we need not fear. We should share the gospel with confidence and
When we tell someone
about Jesus, we have no way of knowing what the domino effect is
going to be. In our lifetime, we may not even be aware of the full
harvest of souls brought to the kingdom of
God simply because we remain faithful to
the call. So, please be faithful.
did come to Christ through the preaching of Mordecai Ham, it was
during a tent meeting in Charlotte,
North Carolina, in 1936. Graham, born
in 1920, was 16 years old, didn't know Christ, and was "sowing his
oats," as many a young man is known to do. He had a 16-year-old
buddy, and they were just hanging out when they thought, “Hey, let's
go into this tent and hear what this whacko has to say.”
So they were just
clowning around when they went into that tent. Once inside, they
realized that there was no room for them; they couldn’t find any
seats. So Billy said to his buddy, “Let's get out of here.” As they
turned to leave, an usher standing there saw them and said, “Hey,
guys.” He put his big arms around their shoulders and said, “You
know, hey, welcome. We’re so glad you’re here. Let me take you to a
seat.” So, the usher took them to a seat and the rest is history.
found Jesus that night, and he went on to take Jesus to the world.
That usher could never have known how God was using him that night
through his simple yet faithful service.
So, serve Christ,
knowing that it might be a mystery--what God is doing through you.
It’s incredible. God is great. The power of God attends the grace of
the Gospel. So, be faithful to your call and commission.
In closing, one more
little short story about Robert Moffat, who was called Bobby in his
youth. It was 1807, when Bobby was just 12. He was in
at church, and that Sunday morning, a strange thing happened.
After the offering,
little Bobby Moffat stepped into the offering plate. He stepped
right into it! Of course, when one of the church ushers saw this, he
yelled, “Boy! What do you think you’re doing?” Bobby replied, “I’m
giving my whole self to Jesus!” That’s what this 12-year-old boy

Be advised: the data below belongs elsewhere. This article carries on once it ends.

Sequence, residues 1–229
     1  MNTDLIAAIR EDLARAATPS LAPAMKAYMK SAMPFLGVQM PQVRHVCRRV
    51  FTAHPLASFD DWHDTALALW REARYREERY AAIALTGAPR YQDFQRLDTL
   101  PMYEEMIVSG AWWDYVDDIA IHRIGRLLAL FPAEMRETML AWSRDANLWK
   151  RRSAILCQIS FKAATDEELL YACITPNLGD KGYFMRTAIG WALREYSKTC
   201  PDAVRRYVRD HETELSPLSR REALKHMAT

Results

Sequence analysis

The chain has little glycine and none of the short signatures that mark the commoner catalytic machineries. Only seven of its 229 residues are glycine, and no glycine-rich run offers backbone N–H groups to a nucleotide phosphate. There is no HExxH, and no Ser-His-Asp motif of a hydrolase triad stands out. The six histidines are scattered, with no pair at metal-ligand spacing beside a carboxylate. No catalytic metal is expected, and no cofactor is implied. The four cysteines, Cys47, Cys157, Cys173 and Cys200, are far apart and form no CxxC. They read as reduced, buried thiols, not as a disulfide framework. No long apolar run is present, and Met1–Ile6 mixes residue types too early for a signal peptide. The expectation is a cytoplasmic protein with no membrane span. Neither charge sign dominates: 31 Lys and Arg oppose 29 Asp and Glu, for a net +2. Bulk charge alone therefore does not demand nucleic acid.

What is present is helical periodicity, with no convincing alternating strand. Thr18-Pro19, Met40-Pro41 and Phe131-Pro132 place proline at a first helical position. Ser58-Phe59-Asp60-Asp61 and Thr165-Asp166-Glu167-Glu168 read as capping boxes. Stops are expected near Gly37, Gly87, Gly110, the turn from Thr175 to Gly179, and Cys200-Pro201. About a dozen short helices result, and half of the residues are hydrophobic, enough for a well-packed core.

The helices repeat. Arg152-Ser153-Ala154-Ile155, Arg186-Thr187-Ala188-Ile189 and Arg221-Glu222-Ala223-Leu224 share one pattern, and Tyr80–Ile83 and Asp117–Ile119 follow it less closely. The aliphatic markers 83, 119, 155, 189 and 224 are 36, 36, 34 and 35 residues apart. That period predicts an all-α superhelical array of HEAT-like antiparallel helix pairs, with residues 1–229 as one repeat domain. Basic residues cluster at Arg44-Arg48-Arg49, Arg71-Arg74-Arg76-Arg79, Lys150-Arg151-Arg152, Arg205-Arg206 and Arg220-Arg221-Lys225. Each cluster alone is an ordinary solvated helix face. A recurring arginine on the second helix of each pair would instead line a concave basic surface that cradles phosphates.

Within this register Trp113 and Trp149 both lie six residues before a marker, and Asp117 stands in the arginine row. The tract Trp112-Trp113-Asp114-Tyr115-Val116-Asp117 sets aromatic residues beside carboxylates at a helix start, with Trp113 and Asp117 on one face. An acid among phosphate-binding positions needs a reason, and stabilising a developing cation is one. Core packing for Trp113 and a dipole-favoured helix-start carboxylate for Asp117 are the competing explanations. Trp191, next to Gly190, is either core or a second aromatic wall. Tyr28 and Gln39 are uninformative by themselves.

said to that usher.
Eight years later,
when Bobby (now called Robert) was 20 years old, he was accepted by
the London Missionary Society to be a missionary to
Africa. The next
year, in 1816, Robert Moffat turned 21 and headed down to
Africa, where he met his wife, Mary Smith. For
more than 50 years, Robert and Mary Moffat partnered to serve Jesus
Christ together on this
At the time they met
and married in Cape Town, Africa, no
one went north of
because the region 100 miles north of
was known as “the dark continent.” But Robert and Mary Moffat went.
They went into
they became missionaries. They took Jesus to those people,
the Swana people.
The Swana people had
driven the “sand people” into the Kalahari. Driven from their land,
they became bushmen. Robert Moffat ministered to both the bushmen
and the Swana people, telling them about Jesus. He translated the
whole of the Old and New Testaments into the language of those
people. Then he took Christian classics, like
and translated them so that the people could read these great works,
and he led the people to Jesus.
Twenty years later,
in 1835, Robert Moffat was back in Glasgow,
Scotland, and he was
tired--broken in body and weary in soul. He and Mary had worked very
hard and wanted some help. They wanted people to go back with them
to work in that dark continent, and as he spoke to them from this
little Scottish church in
Glasgow, he was
describing for them the region of Botswana.
He told them how he could stand on top of this hill and look out to
see the campfires of a thousand villages, villages of people who
knew not Christ, and he said, “Come with me. Help me take Jesus to
all of these people.”
He was disappointed
that night because no one accepted his invitation. But, what he
didn’t know was that a young man there was convicted by the Holy
Spirit that night. The young man was David Livingston, who went on
to marry Robert and Mary’s daughter--an incredible tale of its own!
Livingston went to
thousands of people to Christ. In
Glasgow, he had received his medical
doctorate and a degree in theology. He went to
as an explorer, looking for the headwaters of the Nile
He went as a civil rights leader, fighting the slave trade. He went
as a missionary and an evangelist, taking Jesus to the people,
faithful through his years.
In 1873, David
Livingston died. His last diary entry stated: “My Jesus, my King, my
life, my all. I dedicate my whole life to thee.”
Isn’t that what it’s
all about? Stepping into the offering plate? Dedicating the whole of
our lives to Christ? We have a message that the world needs. We have
a Savior. We have Jesus. Let us be faithful in this hour and share
the grace and mercy of Jesus to all of those who will hear. Let us
fight against the flow of damnation for souls who have yet to hear.
“And he said unto
them, Go ye into all the world, and preach the gospel to every
creature. He that believeth and is baptized shall be saved; but he
that believeth not shall be damned” (Mark 16:15-16).
Source: From the sermon of Dr. Jim Dixon, “Sin
and Salvation.” Cherry Hills Community
Colorado . January 27, 2008.